Common Attack Pattern Enumeration and Classification
A Community Resource for Identifying and Understanding Attacks
An attacker uses full TCP connection attempts to determine if a port is open. The scanning process involves completing a 'three-way handshake' with a remote port, and reports the port as closed if the full handshake cannot be established. An advantage of TCP connect scanning is that it works against any TCP/IP stack. RFC 793 defines how TCP connections are established and torn down. TCP connect scanning commonly involves establishing a full connection, and then subsequently tearing it down, and therefore involves sending a significant number of packets to each port that is scanned. This type of scanning has the following characteristics. Compared to other types of scans, a TCP Connect scan is slow and methodical. This type of scanning causes considerable noise in system logs and can be spotted by IDS/IPS systems. In terms of port status, TCP Connect scanning can detect when a port is open by completing the three-way handshake, but it cannot distinguish a port that is unfiltered with no service running on it from a port that is filtered by a firewall but contains an active service. Due to the significant volume of packets exchanged per port, TCP connect scanning can become very time consuming. Generally, it is not used as a method for performing a comprehensive port scan, but is reserved for checking a short list of common ports. A TCP Connect scan has the following characteristics:
The TCP Connect scan has the advantage of versatility and ease of use in that it works equally well against all TCP stacks and that it is easy for a novice to interpret the results of the scan due to its all or nothing nature. Its disadvantages are noise, speed, and poor visibility into the filter structure of a firewall. As a general rule, performing a full TCP connect scan against a host can take multiple days.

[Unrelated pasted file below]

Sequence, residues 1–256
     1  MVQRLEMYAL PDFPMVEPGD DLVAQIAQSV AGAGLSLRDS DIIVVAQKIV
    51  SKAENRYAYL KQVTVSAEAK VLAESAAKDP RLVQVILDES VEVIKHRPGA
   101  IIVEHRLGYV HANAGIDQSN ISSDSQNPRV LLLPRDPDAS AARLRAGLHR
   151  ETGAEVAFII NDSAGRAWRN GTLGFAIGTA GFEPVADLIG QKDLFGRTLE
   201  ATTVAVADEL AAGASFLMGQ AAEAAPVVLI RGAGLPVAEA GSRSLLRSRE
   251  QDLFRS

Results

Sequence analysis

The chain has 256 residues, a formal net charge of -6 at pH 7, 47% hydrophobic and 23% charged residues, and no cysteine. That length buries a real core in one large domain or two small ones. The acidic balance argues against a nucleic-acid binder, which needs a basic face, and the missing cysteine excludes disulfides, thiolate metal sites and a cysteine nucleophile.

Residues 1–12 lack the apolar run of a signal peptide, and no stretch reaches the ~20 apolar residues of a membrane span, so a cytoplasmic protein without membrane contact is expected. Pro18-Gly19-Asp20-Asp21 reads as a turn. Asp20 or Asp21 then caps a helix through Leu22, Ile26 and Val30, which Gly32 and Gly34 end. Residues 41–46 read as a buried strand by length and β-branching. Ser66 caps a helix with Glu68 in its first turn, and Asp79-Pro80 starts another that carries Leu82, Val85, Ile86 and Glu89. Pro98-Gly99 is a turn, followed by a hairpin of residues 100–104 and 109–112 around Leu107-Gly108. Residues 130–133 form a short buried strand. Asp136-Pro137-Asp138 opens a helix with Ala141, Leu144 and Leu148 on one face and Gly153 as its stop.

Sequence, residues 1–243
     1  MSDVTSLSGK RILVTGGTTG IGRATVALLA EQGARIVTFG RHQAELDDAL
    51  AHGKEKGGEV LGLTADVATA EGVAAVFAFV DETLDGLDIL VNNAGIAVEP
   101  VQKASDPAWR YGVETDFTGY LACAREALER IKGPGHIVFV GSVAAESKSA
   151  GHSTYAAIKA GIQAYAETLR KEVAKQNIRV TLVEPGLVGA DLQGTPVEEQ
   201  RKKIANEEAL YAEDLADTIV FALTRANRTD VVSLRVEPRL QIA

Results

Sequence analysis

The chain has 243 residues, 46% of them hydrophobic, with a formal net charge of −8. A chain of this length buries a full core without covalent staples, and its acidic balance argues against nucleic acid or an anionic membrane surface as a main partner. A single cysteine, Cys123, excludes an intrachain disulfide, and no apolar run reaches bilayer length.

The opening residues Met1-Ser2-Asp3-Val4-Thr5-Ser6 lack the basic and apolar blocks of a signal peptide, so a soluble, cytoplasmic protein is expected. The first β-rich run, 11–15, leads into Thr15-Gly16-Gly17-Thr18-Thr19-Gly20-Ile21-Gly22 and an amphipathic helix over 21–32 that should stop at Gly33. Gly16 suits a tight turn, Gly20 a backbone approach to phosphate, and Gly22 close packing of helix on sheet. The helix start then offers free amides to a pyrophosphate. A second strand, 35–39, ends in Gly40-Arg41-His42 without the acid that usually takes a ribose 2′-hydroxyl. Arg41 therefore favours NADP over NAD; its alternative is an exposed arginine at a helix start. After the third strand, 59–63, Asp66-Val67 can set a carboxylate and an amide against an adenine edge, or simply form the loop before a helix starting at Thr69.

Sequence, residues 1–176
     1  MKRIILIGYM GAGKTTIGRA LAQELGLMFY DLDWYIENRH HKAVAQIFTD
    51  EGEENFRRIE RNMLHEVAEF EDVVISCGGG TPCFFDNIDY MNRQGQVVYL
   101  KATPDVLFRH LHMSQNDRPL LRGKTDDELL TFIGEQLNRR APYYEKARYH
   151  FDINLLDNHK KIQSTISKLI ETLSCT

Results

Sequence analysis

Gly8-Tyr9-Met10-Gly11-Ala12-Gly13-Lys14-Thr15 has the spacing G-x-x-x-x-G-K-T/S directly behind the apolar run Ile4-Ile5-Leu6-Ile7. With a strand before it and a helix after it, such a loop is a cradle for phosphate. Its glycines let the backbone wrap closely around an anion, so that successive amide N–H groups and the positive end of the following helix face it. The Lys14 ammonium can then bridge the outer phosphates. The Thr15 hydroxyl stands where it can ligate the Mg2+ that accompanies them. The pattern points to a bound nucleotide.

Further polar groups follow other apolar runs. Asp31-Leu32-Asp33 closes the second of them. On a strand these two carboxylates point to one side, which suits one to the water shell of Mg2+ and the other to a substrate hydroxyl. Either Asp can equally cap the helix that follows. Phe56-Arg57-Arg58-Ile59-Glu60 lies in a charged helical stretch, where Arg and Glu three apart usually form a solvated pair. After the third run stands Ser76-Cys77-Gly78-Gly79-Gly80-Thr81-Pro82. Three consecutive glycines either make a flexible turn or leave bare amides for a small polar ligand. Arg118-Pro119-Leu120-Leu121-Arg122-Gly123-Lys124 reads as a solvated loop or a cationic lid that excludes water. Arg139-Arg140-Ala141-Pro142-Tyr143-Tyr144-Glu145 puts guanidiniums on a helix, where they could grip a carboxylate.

Target Attack Surface Description
Targeted OSI Layers: Transport Layer
Target Attack Surface Localities
Target Attack Surface Types: Host Service
The ability to build full TCP connections with a target. This can be achieved via the use of a network mapper or scanner, or via routine socket programming in a scripting language. This can be achieved via the use of a network mapper or scanner, or via socket programming in a scripting language. Packet injection tools are also useful for this purpose. Depending upon the method used it may be necessary to sniff the network to see the response.
[R.301.1] [REF-20] Stuart McClure, Joel Scambray and George Kurtz. "Hacking Exposed: Network Security Secrets & Solutions". Chapter 2: Scanning, pg. 54. 6th Edition. McGraw Hill. 2009.
[R.301.2] [REF-21] Defense Advanced Research Projects Agency Information Processing Techniques Office and Information Sciences Institute University of Southern California. "RFC793 - Transmission Control Protocol". Defense Advanced Research Projects Agency (DARPA). September 1981. <http://www.faqs.org/rfcs/rfc793.html>.
[R.301.3] [REF-22] Gordon "Fyodor" Lyon. "Nmap Network Scanning: The Official Nmap Project Guide to Network Discovery and Security Scanning". Section 5.3 TCP Connect Scanning, pg. 100. 3rd "Zero Day" Edition,. Insecure.com LLC, ISBN: 978-0-9799587-1-7. 2008.
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